I only repeated an accusation which has been made; but as you, Sir, have ruled that the ob- 190 servation I made was out of Order, I withdraw it accordingly and apologize for it. I will only say that I regret that I had not an opportunity to state in this House what I believe to be the facts of the case with regard to the right hon. and gallant Gentleman. This is the first case in the history of the Irish Secretaryship in which we are placed in the position of having a nominal Chief Secretary who receives a considerable salary and does nothing in this House except jibe and flout, in pinchbeck imitation of one of his family, at the Questions of the Irish Members; and in the most supercilious manner possible meets our statements and charges with an affectation of absolute contempt. We are fully determined that we shall press for an explanation as to the appointment of this Under Secretary who has been put into the position he now occupies, and who resembles what is called in Ireland a species of "potheenboy"—one who does the dirty work of the Chief Secretary. I have heard that the Chinese used to be in the habit of flinging malodorous grenades at the enemy to prevent them advancing, and I believe the appointment of the present Parliamentary Under Secretary has been made in the same spirit, and with the same intention of flinging something malodorous before the Irish Members so that they cannot attack the Government of the day. I think, however, before the Government have got to the end of their tether, they will find that they have not gained much by appointing an ornamental Chief Secretary and an Orange Under Secretary. The right hon. Gentleman the Chief Secretary said, a few minutes ago, that we should be likely to speak in the same manner of him, if he changed his opinions, that we do of Lord Spencer, now that he has changed his opinions. I cannot, however, conceive the possibility of comparison between the two men. I can conceive no manner of mental or moral measurement which would bring the two men together. I do not know how it is possible to compare or measure against each other a giant like Lord Spencer and a pigmy like the present Chief Secretary. The right hon. Gentleman the Chief Secretary commenced his reply to the hon. Member for East Mayo (Mr. Dillon) by reading some Questions, and asking whether he could be expected to answer such Questions. 191 Well, two of those Questions were put down by Orange Members who support his policy, and I question whether the Orange Democrats who sent those Members to this House would appreciate the supercilious tone adopted by the Chief Secretary towards their Parliamentary Representatives in this House. I do not know whether we shall have any regular opportunity of raising the question of the appointment of the present Under Secretary. I have heard it stated that the present Under Secretary, though nominally unpaid, is a fairly well-remunerated official. I have heard it stated that the present Chief Secretary is content to accept a portion of his nominal salary, and that the remainder is distributed as a gratuity to those who discharge some of his Parliamentary functions.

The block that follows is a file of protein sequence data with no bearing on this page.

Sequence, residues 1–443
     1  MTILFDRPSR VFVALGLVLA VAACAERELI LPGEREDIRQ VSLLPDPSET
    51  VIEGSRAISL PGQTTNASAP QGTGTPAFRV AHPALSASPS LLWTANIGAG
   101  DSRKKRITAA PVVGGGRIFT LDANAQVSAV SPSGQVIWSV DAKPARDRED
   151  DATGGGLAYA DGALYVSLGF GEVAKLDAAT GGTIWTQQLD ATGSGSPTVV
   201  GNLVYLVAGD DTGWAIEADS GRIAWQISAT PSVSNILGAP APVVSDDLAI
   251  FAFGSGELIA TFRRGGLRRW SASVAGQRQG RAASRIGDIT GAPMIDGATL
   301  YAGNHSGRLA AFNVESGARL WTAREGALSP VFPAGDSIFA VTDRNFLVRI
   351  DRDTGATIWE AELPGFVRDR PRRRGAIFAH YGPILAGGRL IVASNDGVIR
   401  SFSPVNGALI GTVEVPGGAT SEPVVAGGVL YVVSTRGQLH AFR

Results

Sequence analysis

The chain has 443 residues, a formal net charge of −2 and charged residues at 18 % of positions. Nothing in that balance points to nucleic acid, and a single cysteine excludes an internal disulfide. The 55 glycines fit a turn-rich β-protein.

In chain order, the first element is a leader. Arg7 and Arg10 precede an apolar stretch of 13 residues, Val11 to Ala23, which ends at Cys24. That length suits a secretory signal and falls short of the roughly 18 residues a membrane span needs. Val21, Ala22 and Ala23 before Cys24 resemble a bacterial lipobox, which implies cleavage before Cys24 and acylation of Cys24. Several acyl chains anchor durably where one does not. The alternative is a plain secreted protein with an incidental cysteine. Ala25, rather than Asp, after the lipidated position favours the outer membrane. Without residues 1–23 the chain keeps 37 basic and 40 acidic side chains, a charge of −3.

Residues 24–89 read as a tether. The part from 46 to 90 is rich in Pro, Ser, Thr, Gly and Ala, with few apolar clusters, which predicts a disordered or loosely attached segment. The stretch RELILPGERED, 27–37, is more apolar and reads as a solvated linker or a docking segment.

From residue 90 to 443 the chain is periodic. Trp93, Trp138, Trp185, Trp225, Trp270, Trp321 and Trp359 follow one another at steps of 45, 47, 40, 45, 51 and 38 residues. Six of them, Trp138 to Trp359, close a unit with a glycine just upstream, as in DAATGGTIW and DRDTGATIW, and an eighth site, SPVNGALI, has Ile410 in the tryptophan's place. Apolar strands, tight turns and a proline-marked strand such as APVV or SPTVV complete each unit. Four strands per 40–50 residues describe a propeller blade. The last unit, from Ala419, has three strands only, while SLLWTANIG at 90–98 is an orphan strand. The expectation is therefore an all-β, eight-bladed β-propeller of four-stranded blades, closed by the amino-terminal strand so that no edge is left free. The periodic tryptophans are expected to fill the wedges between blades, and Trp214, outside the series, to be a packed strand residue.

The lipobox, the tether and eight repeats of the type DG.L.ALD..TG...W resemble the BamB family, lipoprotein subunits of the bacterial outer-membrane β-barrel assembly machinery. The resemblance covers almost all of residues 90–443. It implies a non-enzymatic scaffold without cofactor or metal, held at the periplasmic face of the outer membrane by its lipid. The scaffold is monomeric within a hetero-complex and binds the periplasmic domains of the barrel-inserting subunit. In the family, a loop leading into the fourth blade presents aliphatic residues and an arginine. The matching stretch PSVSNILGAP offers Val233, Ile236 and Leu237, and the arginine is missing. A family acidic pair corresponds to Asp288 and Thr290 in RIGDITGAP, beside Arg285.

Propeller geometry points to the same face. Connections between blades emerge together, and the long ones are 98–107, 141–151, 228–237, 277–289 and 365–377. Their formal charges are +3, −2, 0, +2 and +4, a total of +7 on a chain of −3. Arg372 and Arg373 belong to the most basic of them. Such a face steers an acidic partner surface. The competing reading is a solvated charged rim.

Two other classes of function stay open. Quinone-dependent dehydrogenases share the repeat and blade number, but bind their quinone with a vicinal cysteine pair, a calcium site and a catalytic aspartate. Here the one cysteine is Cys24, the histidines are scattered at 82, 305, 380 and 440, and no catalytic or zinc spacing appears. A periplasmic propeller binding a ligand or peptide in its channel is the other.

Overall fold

§ THE CHIEF SECRETARY FOR IRELAND (Mr. A. J. BALFOUR) (Manchester, E.)
The statement or conjecture just made is entirely, absolutely, and totally unfounded.
§ MR. M. J. KENNY
If the right hon. Gentleman had done as I have suggested, it would have been no more than reasonable and just. I would remind the Committee that we have in this House, besides the Chief Secretary and this notable Under Secretary, two Law Officers of the Crown—one who takes some part in discussing a portion of the clauses of the Bill now before the House, while the other has done nothing for his official position. Formerly, when the Chief Secretary was absent from this House, the Law Officers have answered Questions. What I want to know is this—why two Irish lawyers, who have as much knowledge of the Irish people as the Under Secretary for Ireland, and have not, like him, been brought into conflict with the Irish people on questions relating to the land, who are, at least, as intelligent as the Parliamentary Under Secretary, and have had the benefit of a legal training, which he has not had—I say I want to know why these Gentlemen, who are responsible to this House and the country, because they are paid for the discharge of their duties, have not been put into requisition, and called upon to discharge the duties which in former times have been discharged by the Law 192 Officers? The appointment of a Parliamentary Under Secretary now is extraordinary. In former times the Parliamentary Under Secretaryship was a political appointment, and was only held while the Government by whom the holder was appointed retained Office. I believe in the time of Thomas Drummond the appointment was altogether political. That system is, it appears, to be again introduced. But it must not be forgotten that we have now a so-called Permanent Under Secretary in Dublin, as well as a Political Under Secretary in this House. When that Permanent Under Secretary goes back to the War Office, will the two Offices be amalgamated? That is what we want to know. But, in the meantime, we must protest against the appointment of an Orangeman without salary, and, therefore, irresponsible to this House. I will only say, further, that the appointment seems to have been made on the old principle of setting one Irishman against another, so that Englishmen may then go about the country saying—"See how these Irishmen agree in the House of Commons; what will they do at home?"